To be married or as if married.
Historically, a spouse is one who is married to another; they are spouses to each other, husband to wife and wife to husband.
In M v H, Justice Gonthier wrote:
"The definition of spouse ... is an extension of marriage. To be a spouse is, in essence, to be as if married, whether or not one is actually married. Spousehood is a social and cultural institution, not merely an instrument of economic policy.
"The concept of spouse, while a social construct, is one with deep roots in our history.
"It informs our legal system: the status of spouse is defined, recognized, and regulated by the legislature. Under the Constitution Act, 1867, the federal government regulates capacity to marry and the provincial governments regulate solemnization of marriage....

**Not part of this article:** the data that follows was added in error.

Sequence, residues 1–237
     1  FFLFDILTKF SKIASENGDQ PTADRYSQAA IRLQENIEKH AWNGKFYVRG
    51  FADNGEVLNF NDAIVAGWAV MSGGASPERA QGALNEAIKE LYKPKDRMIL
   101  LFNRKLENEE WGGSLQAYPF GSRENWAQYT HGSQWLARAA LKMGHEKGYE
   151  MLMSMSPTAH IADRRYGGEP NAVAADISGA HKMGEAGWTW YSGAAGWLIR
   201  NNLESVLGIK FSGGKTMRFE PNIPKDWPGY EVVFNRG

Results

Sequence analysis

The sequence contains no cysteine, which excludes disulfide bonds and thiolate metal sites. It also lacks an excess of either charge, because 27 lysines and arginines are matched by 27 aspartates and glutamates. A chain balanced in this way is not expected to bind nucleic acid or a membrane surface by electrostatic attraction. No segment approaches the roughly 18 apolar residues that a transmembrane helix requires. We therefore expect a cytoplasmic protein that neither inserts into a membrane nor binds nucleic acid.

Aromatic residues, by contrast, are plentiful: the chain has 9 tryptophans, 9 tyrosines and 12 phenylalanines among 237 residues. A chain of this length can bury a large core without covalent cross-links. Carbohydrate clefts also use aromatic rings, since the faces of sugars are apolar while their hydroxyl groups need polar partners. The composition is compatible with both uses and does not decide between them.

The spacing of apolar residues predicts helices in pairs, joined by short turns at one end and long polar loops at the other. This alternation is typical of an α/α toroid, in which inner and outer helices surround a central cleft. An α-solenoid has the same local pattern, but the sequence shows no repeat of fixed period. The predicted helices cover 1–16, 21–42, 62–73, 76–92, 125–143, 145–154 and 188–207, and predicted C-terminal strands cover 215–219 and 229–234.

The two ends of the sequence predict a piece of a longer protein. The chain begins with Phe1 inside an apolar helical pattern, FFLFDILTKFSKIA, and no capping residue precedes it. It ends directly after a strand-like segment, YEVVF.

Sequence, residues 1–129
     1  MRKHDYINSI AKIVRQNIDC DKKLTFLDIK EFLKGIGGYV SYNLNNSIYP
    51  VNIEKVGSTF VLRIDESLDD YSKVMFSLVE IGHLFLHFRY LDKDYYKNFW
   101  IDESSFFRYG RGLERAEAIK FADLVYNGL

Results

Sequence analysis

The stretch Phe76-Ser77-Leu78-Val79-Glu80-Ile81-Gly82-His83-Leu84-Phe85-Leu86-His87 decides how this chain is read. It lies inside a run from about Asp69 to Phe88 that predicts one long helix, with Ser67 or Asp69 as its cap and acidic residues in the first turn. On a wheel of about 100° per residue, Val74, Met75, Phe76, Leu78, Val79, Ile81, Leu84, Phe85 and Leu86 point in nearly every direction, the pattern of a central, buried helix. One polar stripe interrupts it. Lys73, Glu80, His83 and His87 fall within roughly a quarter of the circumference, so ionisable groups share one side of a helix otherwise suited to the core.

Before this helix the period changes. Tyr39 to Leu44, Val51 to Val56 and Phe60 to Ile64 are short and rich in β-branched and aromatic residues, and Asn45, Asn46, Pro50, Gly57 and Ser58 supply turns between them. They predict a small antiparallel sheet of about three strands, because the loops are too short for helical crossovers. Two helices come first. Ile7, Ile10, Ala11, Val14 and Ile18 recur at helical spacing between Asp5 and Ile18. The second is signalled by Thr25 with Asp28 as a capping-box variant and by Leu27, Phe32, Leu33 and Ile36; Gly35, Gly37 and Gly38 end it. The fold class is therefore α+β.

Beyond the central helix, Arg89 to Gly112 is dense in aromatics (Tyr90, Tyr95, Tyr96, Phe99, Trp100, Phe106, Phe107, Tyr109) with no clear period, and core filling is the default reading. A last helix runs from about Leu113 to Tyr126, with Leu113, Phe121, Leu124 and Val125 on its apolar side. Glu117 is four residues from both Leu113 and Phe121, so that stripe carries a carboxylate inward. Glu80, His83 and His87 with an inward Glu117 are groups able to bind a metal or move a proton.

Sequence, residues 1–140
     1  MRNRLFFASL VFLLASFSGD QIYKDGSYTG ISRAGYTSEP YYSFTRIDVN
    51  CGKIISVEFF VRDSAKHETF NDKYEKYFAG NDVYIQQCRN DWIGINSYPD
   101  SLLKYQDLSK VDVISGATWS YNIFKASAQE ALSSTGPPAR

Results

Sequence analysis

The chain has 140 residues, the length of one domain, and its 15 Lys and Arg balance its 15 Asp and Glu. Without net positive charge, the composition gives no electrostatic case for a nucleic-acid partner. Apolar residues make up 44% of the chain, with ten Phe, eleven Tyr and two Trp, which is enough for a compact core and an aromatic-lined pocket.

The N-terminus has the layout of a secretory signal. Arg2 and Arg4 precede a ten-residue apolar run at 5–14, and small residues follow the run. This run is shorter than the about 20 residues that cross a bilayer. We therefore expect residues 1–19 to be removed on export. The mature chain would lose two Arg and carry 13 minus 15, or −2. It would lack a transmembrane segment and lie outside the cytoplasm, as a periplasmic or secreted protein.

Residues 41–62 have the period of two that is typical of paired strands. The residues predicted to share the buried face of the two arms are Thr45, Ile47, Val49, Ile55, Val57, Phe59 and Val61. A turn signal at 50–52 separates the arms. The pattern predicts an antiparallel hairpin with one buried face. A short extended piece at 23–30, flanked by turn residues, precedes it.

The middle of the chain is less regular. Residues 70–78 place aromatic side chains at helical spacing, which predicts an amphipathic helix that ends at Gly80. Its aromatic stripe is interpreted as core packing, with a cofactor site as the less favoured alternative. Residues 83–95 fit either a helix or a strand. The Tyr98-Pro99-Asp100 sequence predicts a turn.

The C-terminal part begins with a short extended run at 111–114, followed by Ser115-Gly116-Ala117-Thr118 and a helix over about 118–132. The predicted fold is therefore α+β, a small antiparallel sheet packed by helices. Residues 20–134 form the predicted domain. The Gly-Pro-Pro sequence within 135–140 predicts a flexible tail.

"It is rooted in Western history, in which the concept of spouse has always referred to a member of a cohabiting opposite-sex couple.
"That is what it means to be a spouse. That well-recognized definition does not discriminate on the basis of sexual orientation, any more than the status of child or adult discriminates on the basis of age, or male or female discriminates on the basis of sex."
Increasingly, in some jurisdictions such as Canada, the statutory definition of spouse is being expanded to include members of homosexual relationships and thus to recognize this type of relationship.
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